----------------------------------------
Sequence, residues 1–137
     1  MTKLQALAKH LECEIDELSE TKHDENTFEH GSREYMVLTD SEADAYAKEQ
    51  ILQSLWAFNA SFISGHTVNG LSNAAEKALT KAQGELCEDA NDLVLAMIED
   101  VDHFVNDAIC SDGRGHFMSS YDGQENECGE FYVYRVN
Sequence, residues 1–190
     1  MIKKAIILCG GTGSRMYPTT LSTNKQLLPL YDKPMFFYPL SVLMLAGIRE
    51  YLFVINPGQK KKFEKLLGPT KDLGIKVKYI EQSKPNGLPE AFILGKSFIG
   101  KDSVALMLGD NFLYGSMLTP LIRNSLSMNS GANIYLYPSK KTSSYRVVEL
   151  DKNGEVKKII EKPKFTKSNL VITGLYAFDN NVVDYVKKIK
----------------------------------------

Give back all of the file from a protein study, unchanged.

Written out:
Sequence, residues 1–137
     1  MTKLQALAKH LECEIDELSE TKHDENTFEH GSREYMVLTD SEADAYAKEQ
    51  ILQSLWAFNA SFISGHTVNG LSNAAEKALT KAQGELCEDA NDLVLAMIED
   101  VDHFVNDAIC SDGRGHFMSS YDGQENECGE FYVYRVN
Sequence, residues 1–190
     1  MIKKAIILCG GTGSRMYPTT LSTNKQLLPL YDKPMFFYPL SVLMLAGIRE
    51  YLFVINPGQK KKFEKLLGPT KDLGIKVKYI EQSKPNGLPE AFILGKSFIG
   101  KDSVALMLGD NFLYGSMLTP LIRNSLSMNS GANIYLYPSK KTSSYRVVEL
   151  DKNGEVKKII EKPKFTKSNL VITGLYAFDN NVVDYVKKIK